Published on December 3rd, 2013 | By: Jim Destefani0
Video: 3D printed holiday fun from GE ResearchPublished on December 3rd, 2013 | By: Jim Destefani
A couple months ago, we reported on MFG Day and the hold that 3D printing technology seems to have taken on the imaginations of many.
Similarly, the days following the Thanksgiving holiday in the US seem to have captured the attention of the mainstream media, mostly for a series of holiday-shopping-related “special” days: Black Friday, Small Business Saturday, Cyber Monday.
For those of us who are a bit more technically oriented, General Electric, one of the world’s largest proponents of 3D printing, is now swinging the focus back to additive manufacturing technology with the first ever “3D on D3” (as in December 3rd, which happens to be today) special event on its Edison’s Desk research blog (see the screen capture above; credit: GE Research).
One way GE Research is celebrating is by giving away 3D printed holiday gifts designed by celebrities, web tech gurus, and athletes working in conjunction with its own engineers. Check out the available gifts, and learn how to try to get one using Twitter, here.
Working in conjunction with GrabCAD, the company also held a contest for a 3D, modernized redesign of Santa’s sleigh. Finalists were selected by GE engineers out of more than 50 entries. The video shows the judges discussing the merits of finalist designs and their reasons for selecting the winner. GE will be producing and giving away 200 Christmas tree ornaments based on the winning design. Once again, you’ll need to take to Twitter to try to get one.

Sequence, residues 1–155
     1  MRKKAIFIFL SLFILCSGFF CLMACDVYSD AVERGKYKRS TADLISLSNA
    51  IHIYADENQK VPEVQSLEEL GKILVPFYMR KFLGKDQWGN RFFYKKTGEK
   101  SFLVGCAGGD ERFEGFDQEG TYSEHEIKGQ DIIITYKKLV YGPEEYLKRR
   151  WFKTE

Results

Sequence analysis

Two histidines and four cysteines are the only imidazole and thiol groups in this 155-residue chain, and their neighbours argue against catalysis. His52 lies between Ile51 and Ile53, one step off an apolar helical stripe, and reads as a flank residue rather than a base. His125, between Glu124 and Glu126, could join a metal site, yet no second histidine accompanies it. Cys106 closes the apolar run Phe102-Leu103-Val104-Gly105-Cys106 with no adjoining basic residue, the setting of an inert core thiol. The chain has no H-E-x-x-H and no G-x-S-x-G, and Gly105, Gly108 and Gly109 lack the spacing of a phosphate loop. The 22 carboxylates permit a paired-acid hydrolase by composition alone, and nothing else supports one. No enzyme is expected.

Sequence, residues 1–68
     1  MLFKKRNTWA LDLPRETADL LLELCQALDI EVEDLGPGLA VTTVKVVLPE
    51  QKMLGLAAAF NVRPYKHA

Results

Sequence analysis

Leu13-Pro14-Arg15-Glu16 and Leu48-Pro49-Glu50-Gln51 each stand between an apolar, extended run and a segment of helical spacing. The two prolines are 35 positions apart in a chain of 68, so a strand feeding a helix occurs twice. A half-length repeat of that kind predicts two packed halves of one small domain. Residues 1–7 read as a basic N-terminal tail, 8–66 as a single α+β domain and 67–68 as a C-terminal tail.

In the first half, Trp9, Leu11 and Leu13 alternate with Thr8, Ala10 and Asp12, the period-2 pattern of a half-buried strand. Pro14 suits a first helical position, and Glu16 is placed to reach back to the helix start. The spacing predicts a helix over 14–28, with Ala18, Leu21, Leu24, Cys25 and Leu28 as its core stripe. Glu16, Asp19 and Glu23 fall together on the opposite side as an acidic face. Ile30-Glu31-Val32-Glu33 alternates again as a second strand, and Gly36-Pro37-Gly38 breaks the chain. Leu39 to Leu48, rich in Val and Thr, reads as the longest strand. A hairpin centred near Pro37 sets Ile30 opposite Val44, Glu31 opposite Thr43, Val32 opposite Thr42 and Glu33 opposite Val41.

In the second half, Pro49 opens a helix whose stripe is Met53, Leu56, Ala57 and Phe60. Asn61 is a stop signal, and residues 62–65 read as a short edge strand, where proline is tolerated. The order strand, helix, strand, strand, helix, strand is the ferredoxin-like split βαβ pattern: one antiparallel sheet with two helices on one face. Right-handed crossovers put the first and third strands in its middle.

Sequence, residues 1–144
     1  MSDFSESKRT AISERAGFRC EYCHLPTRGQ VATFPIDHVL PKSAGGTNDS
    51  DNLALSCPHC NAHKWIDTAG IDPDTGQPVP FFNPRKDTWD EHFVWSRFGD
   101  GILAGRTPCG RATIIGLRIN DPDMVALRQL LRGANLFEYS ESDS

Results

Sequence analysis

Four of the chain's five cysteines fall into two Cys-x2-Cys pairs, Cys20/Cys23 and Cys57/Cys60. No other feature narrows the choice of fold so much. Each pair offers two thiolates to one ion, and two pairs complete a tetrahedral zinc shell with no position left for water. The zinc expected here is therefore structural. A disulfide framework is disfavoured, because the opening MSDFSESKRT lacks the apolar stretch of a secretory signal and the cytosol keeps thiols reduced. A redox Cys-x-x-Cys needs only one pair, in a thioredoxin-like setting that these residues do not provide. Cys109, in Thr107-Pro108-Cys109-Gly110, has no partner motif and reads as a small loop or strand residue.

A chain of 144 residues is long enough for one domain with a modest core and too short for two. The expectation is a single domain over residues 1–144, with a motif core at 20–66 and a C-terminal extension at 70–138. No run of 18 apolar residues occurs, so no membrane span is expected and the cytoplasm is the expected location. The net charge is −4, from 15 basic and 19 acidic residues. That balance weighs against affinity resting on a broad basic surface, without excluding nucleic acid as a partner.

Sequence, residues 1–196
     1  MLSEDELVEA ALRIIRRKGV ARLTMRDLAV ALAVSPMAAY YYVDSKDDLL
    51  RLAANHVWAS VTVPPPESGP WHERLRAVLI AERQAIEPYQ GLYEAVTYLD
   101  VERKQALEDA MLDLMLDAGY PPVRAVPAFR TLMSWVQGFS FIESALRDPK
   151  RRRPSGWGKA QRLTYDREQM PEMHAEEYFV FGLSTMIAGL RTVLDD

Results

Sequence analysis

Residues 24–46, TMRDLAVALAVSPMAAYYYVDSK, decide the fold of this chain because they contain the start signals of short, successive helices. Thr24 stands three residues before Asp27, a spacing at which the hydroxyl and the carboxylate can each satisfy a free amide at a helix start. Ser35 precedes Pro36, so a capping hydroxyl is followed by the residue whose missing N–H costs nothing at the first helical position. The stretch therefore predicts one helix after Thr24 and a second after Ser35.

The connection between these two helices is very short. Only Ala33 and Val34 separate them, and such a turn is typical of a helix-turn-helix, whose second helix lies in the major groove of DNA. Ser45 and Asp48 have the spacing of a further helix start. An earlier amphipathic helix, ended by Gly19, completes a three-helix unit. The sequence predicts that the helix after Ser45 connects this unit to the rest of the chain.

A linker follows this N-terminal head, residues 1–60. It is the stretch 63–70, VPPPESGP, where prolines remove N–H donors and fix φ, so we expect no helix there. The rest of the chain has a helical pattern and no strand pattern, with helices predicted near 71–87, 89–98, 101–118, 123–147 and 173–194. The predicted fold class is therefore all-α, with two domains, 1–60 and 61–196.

3D on D3 may be all in fun and the spirit of the Holiday season, but GE is deadly serious about its commitment to additive manufacturing technology—by 2020, the company’s Aviation division expects to have produced more than 100,000 additive manufactured components for its latest aircraft engines. GE is also using 3D printing to produce medical device components and other parts. In this interview with additivemanufacturing.com, for example, Greg Morris explains the business decisions that led GE to commit to additive manufacturing in the new LEAP-1A engine. Morris is business development leader for additive manufacturing at GE Aviation, a position he took when he sold the company he founded, Morris Technologies, to GE in 2012. The company specialized in additive manufacturing.
By the way, we just got word that Morris will be speaking at the Ceramic Leadership Summit in April, focusing on innovation and business decisions that drive innovation and adoption of new manufacturing technologies. For a full lineup of the incredible CLS program, visit the website.
The National Science Foundation also has 3D on their minds today and published this online article about advances in additive manufacturing that trace back to NSF research projects.
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